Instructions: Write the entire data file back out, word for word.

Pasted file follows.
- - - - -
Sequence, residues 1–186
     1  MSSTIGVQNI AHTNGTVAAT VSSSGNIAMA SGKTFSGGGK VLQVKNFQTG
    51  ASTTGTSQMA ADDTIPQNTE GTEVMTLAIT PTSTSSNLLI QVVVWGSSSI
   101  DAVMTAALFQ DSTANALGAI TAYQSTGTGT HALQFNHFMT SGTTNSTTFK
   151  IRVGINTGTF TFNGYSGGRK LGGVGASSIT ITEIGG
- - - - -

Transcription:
Sequence, residues 1–186
     1  MSSTIGVQNI AHTNGTVAAT VSSSGNIAMA SGKTFSGGGK VLQVKNFQTG
    51  ASTTGTSQMA ADDTIPQNTE GTEVMTLAIT PTSTSSNLLI QVVVWGSSSI
   101  DAVMTAALFQ DSTANALGAI TAYQSTGTGT HALQFNHFMT SGTTNSTTFK
   151  IRVGINTGTF TFNGYSGGRK LGGVGASSIT ITEIGG